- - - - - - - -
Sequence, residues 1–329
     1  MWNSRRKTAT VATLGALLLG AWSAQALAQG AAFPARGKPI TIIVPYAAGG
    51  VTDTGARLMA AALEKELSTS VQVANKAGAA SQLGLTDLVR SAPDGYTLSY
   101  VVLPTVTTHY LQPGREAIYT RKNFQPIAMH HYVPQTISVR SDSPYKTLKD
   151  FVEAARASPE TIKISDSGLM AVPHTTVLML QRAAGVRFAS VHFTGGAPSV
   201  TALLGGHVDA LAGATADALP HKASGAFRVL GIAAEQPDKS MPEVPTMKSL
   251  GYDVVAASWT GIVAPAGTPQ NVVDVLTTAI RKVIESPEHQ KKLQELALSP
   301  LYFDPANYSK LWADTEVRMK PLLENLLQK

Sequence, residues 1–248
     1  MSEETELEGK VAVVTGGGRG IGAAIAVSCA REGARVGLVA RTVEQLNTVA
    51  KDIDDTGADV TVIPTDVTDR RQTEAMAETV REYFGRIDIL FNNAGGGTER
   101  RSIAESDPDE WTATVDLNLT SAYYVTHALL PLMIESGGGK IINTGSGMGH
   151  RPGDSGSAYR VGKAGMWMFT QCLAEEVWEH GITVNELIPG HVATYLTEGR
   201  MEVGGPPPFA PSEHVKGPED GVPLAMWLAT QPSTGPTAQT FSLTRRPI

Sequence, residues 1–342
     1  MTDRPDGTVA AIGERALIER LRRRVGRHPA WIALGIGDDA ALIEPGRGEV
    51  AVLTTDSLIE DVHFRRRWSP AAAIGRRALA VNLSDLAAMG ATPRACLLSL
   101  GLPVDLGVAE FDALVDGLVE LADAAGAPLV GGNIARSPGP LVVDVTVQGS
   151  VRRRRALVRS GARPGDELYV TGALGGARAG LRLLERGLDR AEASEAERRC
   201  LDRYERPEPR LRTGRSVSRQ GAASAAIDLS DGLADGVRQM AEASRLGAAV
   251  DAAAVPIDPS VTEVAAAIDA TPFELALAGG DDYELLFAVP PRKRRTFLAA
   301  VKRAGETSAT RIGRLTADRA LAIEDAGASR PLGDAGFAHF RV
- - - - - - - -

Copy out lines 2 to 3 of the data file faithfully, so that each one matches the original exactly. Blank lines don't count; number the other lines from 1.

     1  MWNSRRKTAT VATLGALLLG AWSAQALAQG AAFPARGKPI TIIVPYAAGG
    51  VTDTGARLMA AALEKELSTS VQVANKAGAA SQLGLTDLVR SAPDGYTLSY